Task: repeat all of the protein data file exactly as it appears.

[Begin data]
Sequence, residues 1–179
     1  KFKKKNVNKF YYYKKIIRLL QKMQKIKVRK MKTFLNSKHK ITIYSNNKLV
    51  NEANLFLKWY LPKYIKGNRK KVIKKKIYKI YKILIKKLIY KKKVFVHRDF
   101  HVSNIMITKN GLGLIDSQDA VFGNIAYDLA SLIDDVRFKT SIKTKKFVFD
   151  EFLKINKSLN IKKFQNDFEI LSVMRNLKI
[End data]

Sequence, residues 1–179
     1  KFKKKNVNKF YYYKKIIRLL QKMQKIKVRK MKTFLNSKHK ITIYSNNKLV
    51  NEANLFLKWY LPKYIKGNRK KVIKKKIYKI YKILIKKLIY KKKVFVHRDF
   101  HVSNIMITKN GLGLIDSQDA VFGNIAYDLA SLIDDVRFKT SIKTKKFVFD
   151  EFLKINKSLN IKKFQNDFEI LSVMRNLKI